Top news in Population

For the past 200 years, a rapidly rising population has consumed the earth's resources, ruined the environment, and started wars. But humanity is about to trade one population bomb for another, and now scientists and policymakers are waking up to a new reality: The world is on the precipice of decline, and possible extinction.

Study using DNA analysis reveals not only are statues on these distant islands connected, but inhabitants too.

Presaging “hundreds of millions" of climate change refugees, Turkey's president said at the U.N. General Assembly that the world needs to find a way to contend with its existing refugees who are fleeing conflict.

Farmers in Guatemala are facing rapidly deteriorating crop conditions, triggered by extended periods of drought followed by torrential rains, and more catastrophic weather events as the climate warms. Climatologists warn it will only get worse, and disproportionately impact impoverished countries.

Azmal Hossan joins the Agents of Change in Environmental Justice podcast to discuss climate change and the ongoing water crisis in Bangladesh.

Keep reading... Show less
The potential remedies for the state's drought-related problems are diverse, complicated and divisive.

A study at the University of Zurich in Switzerland shows that a large proportion of existing medicinal plant knowledge is linked to threatened indigenous languages.

A generation facing an intractable problem debates whether to bring a new generation into the world.

Millions of people forced to leave their homes because of severe drought and powerful cyclones are at risk of modern slavery and human trafficking over the coming decades, a new report warns.

If you’re looking to move somewhere in the U.S. to ride out the climate apocalypse, bad news: The list is growing shorter.
Water crises in urban areas aren't just caused by scarcity, but by technological, social and economic factors.
California produces much of America’s food—and now a drought and a pandemic have put the system on edge.

An estimated 2.1 million Kenyans face starvation due to a drought in half the country, which is affecting harvests.

When environmental disasters strike, those already discriminated against can be hit hardest. But marginalized communities can also set a model for resilience.

During the middle of the holy month of Ramadan, when I started writing this essay, my native Bangladesh was confronting the COVID-19 pandemic with a nationwide lockdown.

Keep reading... Show less
Growth along the state’s shorelines means more people face risks from rises in sea levels, which threaten to increase the severity of extreme weather and bring storm surges farther inland.

With almost 1 million inhabitants, the Polish city of Krakow has a problem with air quality, and pollution is being fought on all fronts.

President Biden on Monday used his first Western swing to hold out the wildfires burning across the region as an argument for his $3.5 trillion rebuilding plans, calling year-round fires and other extreme weather a climate reality that can no longer be ignored.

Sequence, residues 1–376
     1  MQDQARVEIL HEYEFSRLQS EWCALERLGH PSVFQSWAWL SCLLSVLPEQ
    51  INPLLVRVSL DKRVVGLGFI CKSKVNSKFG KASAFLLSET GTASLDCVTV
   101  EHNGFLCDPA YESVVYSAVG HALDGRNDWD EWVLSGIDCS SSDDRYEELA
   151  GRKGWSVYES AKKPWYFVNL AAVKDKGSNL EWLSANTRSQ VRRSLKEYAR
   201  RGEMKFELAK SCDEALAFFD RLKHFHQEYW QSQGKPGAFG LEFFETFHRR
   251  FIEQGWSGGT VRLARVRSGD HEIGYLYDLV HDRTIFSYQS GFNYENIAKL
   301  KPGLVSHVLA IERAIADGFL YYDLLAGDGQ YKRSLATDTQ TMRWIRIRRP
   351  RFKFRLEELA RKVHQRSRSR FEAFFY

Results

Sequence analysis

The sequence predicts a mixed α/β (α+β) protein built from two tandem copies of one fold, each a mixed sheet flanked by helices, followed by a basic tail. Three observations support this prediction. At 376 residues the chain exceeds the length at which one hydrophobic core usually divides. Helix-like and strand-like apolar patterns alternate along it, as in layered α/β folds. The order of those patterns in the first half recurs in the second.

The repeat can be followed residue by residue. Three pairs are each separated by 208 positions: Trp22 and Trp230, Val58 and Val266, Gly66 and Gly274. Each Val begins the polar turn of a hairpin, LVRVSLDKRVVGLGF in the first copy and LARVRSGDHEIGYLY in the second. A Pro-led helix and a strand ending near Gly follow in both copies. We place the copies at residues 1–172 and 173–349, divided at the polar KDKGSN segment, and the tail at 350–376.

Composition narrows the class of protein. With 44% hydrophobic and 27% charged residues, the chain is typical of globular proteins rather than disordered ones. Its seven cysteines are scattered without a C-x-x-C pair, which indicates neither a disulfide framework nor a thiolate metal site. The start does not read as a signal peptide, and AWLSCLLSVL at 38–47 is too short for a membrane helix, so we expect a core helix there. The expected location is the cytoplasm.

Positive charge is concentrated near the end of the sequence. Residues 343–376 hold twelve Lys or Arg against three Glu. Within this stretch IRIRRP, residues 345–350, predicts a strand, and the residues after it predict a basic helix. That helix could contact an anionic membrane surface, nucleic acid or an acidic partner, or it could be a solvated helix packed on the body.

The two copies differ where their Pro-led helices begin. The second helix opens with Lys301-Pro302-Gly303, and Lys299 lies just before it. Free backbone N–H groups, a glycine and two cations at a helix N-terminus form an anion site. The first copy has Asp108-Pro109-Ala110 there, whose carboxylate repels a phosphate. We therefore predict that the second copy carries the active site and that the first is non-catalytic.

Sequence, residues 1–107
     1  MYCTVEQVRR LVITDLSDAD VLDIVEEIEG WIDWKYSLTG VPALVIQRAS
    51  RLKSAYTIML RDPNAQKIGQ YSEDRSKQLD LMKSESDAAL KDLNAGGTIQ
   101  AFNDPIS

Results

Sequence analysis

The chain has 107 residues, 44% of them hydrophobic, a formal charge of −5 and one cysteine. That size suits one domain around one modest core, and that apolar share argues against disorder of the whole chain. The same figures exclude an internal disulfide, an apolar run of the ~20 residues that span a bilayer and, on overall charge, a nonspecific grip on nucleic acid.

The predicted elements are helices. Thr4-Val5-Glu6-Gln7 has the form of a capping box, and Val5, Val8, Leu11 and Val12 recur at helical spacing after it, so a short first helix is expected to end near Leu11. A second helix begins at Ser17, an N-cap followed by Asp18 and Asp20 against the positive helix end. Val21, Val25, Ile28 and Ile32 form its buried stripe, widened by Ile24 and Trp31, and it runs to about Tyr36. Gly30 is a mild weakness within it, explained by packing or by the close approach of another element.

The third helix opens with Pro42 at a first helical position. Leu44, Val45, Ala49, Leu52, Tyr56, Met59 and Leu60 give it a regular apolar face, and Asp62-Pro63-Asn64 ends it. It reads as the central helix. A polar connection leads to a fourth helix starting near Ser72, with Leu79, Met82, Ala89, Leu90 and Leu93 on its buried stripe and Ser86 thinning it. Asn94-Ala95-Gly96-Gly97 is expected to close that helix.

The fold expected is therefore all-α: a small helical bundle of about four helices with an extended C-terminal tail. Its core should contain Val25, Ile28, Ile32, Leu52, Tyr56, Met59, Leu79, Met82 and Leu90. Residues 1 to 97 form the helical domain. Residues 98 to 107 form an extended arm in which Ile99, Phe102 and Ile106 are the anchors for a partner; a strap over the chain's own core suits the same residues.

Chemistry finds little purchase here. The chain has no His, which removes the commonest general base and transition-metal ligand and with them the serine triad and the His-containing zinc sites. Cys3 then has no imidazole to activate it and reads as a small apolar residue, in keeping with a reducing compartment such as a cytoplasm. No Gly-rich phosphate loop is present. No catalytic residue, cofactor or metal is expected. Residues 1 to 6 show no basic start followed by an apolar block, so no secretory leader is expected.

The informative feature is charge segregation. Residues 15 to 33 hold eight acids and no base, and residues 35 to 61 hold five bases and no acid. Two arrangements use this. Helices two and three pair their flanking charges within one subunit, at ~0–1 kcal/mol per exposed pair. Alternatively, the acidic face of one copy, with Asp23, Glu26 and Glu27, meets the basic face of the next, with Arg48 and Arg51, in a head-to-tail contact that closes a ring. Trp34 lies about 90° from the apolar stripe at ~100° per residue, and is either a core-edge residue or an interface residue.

BARCELONA, Spain (AP) — Climate change could push more than 200 million people to leave their homes in the next three decades and create migration hot spots unless urgent action is taken to reduce global emissions and bridge the development gap, a World Bank report has found.

Spanish troops are assisting firefighters battling a raging blaze that has emptied out Andalusian villages and burned through forest land for days.

The homes HUD sells are disproportionately located in flood-prone places, compared with Zillow records of all homes sold in the United States, and the agency does not fully disclose the potential costs and dangers of living in harm's way.

Rapid climate change threatens to leave hundreds of millions of people displaced on Australia's doorstep in southeast Asia in coming decades.

The tribes say federal agencies have failed to support their adaptation efforts, despite knowing for decades about sea level rise and climate change threats.

Travelers, tour guides and service workers share how years of record-high tourism are reshaping destinations in ways that may change them forever.

Like Katrina before it, the storm may make living conditions untenable in hard-hit areas
At a private underground well in Amman, Imad Suleiman waits for hours to pump water into the container on his truck that he then sells on to private customers in the sprawling city of four million.

After Hurricane Ida, Native Americans confront loss of homes, income, sacred sites.

The continent’s second-largest river is drying up amid the biggest drought in 70 years, upending ecosystems, trade and livelihoods.

A half century after the Everglades were drained, the region's population has soared to 8 million, and South Floridians are realizing they could run out of water very soon.

For decades, farm labor has kept unincorporated communities alive throughout the Central Valley. But the drought is making it hard to stay.

Some Hurricane Ida survivors may have no choice but to leave. Sooner or later, people across the country will be in the same bind.

Sir Partha Dasgupta in February published a landmark review into the "economics of biodiversity" – how the world can find value in nature instead of profiting from its destruction.